Great Britain’s Olympic showjumping team title defence ended in frustration on Tuesday, August 16.
The British quartet of Nick Skelton, Ben Maher—who both helped Britain win gold at London 2012—Michael Whitaker and John Whitaker failed to reach Wednesday’s second round after finishing 12th of 15 teams.
John Whitaker’s score of 23 faults aboard Ornellaia was the discount, but four faults each for Skelton (Big Star) and Maher (Tic Tac), plus five for Michael Whitaker on Cassionato meant that Britain could not challenge.
The top eight places were filled by the United States, Holland, Germany, Brazil, Canada, France, Sweden and Switzerland.
Skelton, Maher and Michael Whitaker remained in the individual competition, although it was understood that Whitaker had decided to withdraw Cassionato, leaving just Skelton and Maher to contest a place in the top 35 who will move forward to Friday’s penultimate round.
The emotions proved in stark contrast to London, when the British were crowned Olympic champions for the first time since 1956.
“We are all deflated, to put it mildly,” Michael Whitaker said. “These things happen, I am afraid, and they always have a habit of happening on the wrong day.”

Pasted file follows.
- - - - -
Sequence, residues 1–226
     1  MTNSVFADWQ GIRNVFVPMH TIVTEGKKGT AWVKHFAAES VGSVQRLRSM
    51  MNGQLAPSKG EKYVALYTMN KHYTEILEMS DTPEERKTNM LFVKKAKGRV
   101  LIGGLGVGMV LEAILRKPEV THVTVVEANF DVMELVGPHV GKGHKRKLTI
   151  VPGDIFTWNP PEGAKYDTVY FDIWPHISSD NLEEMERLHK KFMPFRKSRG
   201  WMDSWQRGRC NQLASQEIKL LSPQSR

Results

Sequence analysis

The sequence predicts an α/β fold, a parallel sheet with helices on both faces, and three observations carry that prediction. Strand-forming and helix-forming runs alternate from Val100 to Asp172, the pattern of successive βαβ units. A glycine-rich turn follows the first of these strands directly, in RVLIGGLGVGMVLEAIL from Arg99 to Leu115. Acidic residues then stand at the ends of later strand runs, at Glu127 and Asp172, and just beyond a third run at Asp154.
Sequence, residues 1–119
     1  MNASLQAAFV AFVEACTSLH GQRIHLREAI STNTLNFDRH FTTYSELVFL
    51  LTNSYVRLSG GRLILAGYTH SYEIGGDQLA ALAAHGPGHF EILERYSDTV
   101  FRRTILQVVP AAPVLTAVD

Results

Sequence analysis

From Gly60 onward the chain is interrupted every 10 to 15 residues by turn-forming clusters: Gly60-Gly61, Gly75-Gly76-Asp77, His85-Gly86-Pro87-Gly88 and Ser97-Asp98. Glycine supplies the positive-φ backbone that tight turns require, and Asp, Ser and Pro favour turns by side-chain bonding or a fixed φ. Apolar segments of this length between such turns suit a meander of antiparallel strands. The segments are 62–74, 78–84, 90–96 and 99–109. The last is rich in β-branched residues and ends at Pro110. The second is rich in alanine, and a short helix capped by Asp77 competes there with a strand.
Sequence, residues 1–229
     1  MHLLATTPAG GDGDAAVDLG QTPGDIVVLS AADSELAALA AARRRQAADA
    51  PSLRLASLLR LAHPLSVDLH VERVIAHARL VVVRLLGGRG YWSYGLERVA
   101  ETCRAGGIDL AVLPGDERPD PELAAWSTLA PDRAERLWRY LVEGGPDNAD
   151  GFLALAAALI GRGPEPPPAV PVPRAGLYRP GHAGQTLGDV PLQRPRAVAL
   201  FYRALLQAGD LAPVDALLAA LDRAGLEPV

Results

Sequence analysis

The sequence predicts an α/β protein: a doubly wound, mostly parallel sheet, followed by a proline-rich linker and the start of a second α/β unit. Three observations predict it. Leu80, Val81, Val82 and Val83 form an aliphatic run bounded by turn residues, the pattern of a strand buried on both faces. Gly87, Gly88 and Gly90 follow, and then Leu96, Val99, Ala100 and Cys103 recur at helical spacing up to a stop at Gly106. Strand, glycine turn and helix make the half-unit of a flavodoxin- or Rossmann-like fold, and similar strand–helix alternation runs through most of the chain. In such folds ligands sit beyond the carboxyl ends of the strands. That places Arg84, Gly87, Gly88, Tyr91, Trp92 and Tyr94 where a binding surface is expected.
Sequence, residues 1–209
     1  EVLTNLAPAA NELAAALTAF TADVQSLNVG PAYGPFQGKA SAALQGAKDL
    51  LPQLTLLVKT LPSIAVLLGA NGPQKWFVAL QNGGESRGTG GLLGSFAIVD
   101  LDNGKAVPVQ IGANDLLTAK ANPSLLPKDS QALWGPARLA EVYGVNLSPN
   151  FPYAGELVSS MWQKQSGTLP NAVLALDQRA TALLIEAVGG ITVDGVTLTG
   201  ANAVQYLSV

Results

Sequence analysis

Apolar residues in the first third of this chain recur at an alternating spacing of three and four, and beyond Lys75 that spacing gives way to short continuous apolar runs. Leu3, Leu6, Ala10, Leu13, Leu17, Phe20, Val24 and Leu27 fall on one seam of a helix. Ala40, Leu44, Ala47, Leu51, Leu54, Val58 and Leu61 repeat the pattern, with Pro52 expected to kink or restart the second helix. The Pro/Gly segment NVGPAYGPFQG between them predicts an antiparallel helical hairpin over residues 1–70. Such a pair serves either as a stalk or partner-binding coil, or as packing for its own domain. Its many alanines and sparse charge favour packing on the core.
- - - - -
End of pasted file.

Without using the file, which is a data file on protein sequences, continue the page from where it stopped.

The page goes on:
Both Big Star and Cassionato received four penalties at the water jump, and Whitaker added: “It is the first time either horse have been in the water, which is very annoying. I don’t know what to say, really. They are both normally absolutely brilliant water jumpers. It (the water obstacle) was on a bad distance, but we knew that.”
John Whitaker said: “I had a confident start, and then turned the corner with a good distance, but then she (Ornellaia) pulled out last minute. It was totally uncharacteristic. Once she gets going, she is usually flying, but no excuses.
“We came here with high hopes and expectations, looking forward to it. It shouldn’t have happened, but it did.”
British management lodged an appeal over Skelton’s four faults, but even if successful, it would have made no difference, as a top eight spot would still have eluded them.
“It was pretty rough,” Skelton said. “That horse has never been in a water jump in his life, and I don’t think he was in that one. He put his feet over it. His heel touched the tape, which is allowed. It’s whatever judge is on there at the time, but we appealed it.
“I had no idea. He (the fence judge) didn’t call it until I jumped two fences after. Should we have these water jumps? It is down to someone’s opinion, and sometimes they can’t get it right in a split-second.
“Whether it should be judged on a camera, or whether they should have a buzzer on it, I don’t know. The horse jumped amazingly. He could not have jumped any better.”
Attention now turns to the team final, where host nation Brazil, whose presence has attracted bumper crowds in searing heat at the Deodoro Equestrian Centre, will be among the main gold medal contenders, but the USA and Germany probably start as marginal favourites.
Ben Maher and Tic Tac at the horse inspection in Rio, by Richard Juilliart, courtesy of the FEI